Tourism was crucial to the economic success of Galway, he continued, with approximately 80% of city businesses reliant on tourists to stay afloat.

“We have the highest percentage dependency of any local authority on rates from the tourism and hospitality sector,” said Mr McGrath.

It was for that reason that the Executive was seeking councillors’ approval to free up €485,000 of the so-called ‘Marketing Sinking Fund’ to finance a raft of tourism initiatives aimed at boosting the local economy by attracting domestic tourists as Covid-related restrictions are eased, in what Mr McGrath referred to as “temporary internal borrowing”.

This is a shortened preview version of this article. To read it in full, and more on the tourism promotion plans, see this week’s Galway City Tribune. You can buy a digital edition HERE.

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Seafront prom and new train station planned for Murrough

Dara Bradley



From this week’s Galway City Tribune – A vision of a new urban district on GMIT lands at Murrough – including a seafront promenade and new train station – has been submitted to Government for funding approval.

Galway City Council Chief Executive Brendan McGrath has outlined a plan to ‘leverage’ land and resources of the third level institute to create a new East City Urban District.

Mr McGrath has included the plans in an application for funding under the Urban Regeneration and Development Fund (URDF).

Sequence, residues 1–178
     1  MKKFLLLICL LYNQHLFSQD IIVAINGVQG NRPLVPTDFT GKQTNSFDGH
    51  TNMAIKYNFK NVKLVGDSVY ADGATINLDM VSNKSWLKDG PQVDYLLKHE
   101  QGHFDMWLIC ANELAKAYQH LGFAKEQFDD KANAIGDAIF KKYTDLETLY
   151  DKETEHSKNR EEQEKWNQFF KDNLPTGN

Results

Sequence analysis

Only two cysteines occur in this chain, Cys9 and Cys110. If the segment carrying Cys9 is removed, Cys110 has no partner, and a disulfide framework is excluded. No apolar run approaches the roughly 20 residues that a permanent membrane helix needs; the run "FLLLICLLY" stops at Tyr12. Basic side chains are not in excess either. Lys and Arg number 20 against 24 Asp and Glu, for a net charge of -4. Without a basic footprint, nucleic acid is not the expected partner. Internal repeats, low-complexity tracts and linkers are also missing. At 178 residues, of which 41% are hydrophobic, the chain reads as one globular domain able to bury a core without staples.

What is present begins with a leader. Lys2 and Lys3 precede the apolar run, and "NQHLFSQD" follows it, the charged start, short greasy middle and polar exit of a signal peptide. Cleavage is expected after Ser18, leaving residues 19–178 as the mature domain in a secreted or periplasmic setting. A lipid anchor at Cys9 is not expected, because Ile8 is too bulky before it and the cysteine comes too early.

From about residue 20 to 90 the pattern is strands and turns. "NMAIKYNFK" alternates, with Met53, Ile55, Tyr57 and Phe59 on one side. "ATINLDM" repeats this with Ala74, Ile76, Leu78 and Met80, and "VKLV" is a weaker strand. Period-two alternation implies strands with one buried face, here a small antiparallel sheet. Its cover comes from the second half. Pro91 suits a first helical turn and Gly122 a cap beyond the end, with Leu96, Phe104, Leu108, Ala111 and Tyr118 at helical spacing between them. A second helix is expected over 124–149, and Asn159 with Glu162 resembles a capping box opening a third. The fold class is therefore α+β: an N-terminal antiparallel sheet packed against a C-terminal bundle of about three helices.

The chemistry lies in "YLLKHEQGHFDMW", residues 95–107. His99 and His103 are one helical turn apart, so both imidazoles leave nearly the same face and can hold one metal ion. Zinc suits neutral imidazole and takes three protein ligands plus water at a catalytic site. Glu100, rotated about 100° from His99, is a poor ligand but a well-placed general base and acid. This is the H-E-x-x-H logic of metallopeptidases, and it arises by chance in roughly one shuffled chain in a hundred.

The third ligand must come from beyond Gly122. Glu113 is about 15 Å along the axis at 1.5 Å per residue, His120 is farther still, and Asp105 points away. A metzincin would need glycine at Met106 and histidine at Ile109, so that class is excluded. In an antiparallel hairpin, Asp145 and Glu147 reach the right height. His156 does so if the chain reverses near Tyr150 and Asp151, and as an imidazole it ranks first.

The total value of the project would be €61 million, he said, which values the land at Murrough at about €14 million.

“We are seeking URDF investment to activate these sites as catalysts to boost population and economic output for the city and region,” Mr McGrath told city councillors.

He said that by leveraging the lands at GMIT, the Council was delivering on a target in the National Planning Framework 2040, which states there should be “special focus on capitalising on the potential of underutilised and publicly owned and centrally located sites”.

This is a shortened preview version of this article. To read it in full, see this week’s Galway City Tribune. You can buy a digital edition HERE.

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Plans to double size of Galway City student complex

Enda Cunningham



A computer-generated image of how the new Cúirt na Coiribe would look.

From this week’s Galway City Tribune – The investment fund which owns the Cúirt na Coiribe student accommodation complex on the Headford Road is planning to more than double the number of bed spaces there to 920.

Exeter Property Group, one of the biggest property investment groups in the world, has applied to An Bord Pleanála for permission to demolish a two-storey building to the front of the development and to remove the existing fifth floor attic level from the next block.

The proposal involves extending upwards and outwards to create a total of 920 bed spaces in 868 bedrooms in a single building with nine linked blocks ranging from two to six storeys.

The project includes a gym/fitness studio in the basement, a games room, library/study spaces, café/restaurant and lounge spaces.

There will be 59 carparking spaces and 656 cycle spaces included. A total of 398 of the 405 existing bed spaces will be retained.

It is proposed that the existing bed spaces will retain their original planning permission which allows for short-stay lets throughout the year, and the additional 515 spaces would only be permitted to be used as short-stay lets during the summer months.

This is a shortened preview version of this article. To read it in full, see this week’s Galway City Tribune. You can buy a digital edition HERE.